Sri Lanka is demanding the U.K. take back more than a hundred containers of waste, joining the growing list of Asian countries pushing back against developed nations that export trash as recycling.
The 111 containers consisting of plastics, syringes and suspected human remains are believed to have been sent from the U.K. in 2017, the BBC reports, but were only inspected last week after port officials complained of a putrid smell.
Authorities said Tuesday they had taken “immediate action to order the re-export” of the waste.
“Some of the materials have been liquidized and deteriorated to the point that we cannot even examine them,” Customs Department spokesman Suni Jayaratne told the local Daily Mirror newspaper, according to the BBC.
Protestors held a demonstration Wednesday outside the British High Commission in the capital Colombo and handed over a letter urging the U.K. to take back the waste. “Sri Lanka is not your dump yard,” read one protest sign.
“This is a third-world country, we are struggling with so many issues, and how can we be responsible for somebody else’s garbage?” One protestor said.
The global trash trade reached a turning point early last year when China, once the world’s biggest receiver of plastic waste, banned its import. Since then, Southeast Asia has seen a huge spike in waste shipments — much of it contaminated plastic that is unrecyclable — from developed countries.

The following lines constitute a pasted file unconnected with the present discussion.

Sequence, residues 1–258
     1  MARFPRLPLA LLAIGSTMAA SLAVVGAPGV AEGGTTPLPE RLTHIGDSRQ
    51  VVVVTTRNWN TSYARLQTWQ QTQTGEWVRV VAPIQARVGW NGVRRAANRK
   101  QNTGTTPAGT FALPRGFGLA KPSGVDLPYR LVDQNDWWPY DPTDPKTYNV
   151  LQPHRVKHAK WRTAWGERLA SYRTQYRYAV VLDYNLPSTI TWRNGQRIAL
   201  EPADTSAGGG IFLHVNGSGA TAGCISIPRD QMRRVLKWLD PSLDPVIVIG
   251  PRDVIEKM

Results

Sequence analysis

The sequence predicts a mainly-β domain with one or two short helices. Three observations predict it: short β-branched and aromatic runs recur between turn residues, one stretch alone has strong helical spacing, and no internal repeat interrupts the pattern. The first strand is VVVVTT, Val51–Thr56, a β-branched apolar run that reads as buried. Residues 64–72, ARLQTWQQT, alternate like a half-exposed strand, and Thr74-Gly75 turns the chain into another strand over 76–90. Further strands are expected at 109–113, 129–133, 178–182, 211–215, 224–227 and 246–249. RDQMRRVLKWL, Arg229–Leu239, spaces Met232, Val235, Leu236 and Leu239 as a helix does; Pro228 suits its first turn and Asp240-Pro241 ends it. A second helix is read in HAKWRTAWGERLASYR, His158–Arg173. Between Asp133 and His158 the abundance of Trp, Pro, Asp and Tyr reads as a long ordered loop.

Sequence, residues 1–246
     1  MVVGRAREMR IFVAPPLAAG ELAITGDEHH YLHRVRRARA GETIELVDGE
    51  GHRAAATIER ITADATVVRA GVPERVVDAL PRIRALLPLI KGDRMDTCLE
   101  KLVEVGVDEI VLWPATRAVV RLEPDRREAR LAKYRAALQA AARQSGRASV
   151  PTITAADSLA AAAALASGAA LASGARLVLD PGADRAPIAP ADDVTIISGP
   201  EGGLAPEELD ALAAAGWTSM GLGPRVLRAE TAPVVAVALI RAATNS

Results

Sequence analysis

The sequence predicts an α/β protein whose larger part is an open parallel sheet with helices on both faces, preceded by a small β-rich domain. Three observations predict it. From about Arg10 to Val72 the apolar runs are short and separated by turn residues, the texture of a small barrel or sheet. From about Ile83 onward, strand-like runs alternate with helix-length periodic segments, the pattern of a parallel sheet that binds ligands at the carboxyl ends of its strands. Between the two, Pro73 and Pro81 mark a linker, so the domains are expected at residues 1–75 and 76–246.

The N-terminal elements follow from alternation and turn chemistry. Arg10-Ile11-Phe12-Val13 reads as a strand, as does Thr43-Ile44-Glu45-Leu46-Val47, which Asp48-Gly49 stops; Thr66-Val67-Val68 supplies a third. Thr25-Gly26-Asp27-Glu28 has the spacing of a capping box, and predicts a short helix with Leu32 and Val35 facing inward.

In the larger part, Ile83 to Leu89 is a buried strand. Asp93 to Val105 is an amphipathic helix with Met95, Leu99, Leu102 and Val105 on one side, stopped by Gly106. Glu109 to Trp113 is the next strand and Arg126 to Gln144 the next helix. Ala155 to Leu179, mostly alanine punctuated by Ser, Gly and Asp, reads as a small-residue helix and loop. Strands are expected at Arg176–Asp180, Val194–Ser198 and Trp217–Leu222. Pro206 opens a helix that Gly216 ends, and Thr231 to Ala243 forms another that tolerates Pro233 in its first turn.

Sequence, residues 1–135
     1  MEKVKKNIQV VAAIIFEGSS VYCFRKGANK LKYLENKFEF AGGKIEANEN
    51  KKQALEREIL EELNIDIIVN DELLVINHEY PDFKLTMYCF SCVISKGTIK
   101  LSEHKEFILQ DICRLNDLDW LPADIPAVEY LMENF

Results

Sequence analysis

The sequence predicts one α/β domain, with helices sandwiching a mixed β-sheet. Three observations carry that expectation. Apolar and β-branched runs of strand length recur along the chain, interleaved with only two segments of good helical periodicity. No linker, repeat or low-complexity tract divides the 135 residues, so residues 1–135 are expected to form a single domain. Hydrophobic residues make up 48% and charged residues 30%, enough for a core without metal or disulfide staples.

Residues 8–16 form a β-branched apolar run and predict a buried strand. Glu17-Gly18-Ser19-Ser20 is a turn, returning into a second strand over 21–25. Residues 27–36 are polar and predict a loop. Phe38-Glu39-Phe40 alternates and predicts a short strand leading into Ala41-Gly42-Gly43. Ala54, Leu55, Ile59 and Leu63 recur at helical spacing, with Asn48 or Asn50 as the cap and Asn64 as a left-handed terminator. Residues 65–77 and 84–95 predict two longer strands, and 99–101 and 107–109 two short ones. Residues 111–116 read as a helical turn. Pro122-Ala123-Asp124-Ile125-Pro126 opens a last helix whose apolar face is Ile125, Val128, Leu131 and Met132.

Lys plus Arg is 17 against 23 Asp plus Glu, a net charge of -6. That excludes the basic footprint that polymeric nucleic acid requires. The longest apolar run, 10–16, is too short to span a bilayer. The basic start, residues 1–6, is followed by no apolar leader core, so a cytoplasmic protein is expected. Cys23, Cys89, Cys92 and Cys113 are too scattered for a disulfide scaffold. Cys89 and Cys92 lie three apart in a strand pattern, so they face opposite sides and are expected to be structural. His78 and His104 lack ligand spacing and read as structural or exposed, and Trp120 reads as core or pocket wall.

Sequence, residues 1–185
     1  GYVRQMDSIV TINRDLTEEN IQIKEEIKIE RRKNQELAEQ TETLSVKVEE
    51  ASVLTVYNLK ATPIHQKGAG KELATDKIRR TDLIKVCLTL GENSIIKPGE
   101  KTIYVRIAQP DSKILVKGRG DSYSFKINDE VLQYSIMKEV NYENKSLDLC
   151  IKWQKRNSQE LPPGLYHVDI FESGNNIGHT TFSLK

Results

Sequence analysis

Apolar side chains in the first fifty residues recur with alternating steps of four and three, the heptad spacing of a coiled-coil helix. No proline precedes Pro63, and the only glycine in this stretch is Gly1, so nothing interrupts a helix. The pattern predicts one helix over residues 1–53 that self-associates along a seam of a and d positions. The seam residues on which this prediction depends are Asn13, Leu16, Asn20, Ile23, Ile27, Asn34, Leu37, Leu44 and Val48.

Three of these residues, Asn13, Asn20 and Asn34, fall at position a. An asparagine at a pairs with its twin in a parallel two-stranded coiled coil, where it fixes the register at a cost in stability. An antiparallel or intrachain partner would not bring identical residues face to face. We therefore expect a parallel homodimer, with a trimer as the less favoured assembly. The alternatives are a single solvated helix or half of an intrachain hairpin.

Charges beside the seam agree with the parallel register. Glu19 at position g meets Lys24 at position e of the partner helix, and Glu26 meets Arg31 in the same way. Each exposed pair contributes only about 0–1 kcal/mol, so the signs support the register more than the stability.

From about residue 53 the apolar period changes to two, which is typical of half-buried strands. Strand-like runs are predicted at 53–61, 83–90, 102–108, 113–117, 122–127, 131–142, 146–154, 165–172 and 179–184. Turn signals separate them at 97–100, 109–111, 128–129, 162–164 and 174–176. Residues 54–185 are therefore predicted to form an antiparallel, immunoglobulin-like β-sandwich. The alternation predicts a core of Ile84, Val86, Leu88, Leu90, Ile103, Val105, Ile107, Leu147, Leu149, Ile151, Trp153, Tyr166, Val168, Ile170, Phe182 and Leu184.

But several nations have begun sending the trash back to where it came from. Earlier this week, Cambodia announced it would ship 1,600 tonnes of waste back to the U.S. and Canada. In May, the Philippines sent 69 container-loads of garbage to Canada, and the month before, Malaysia returned five containers to Spain.
The U.K. government says it is “committed to tackling illegal waste exports, but the country’s Environment Agency told the BBC that it had yet to receive an official request from Sri Lanka to re-import the trash.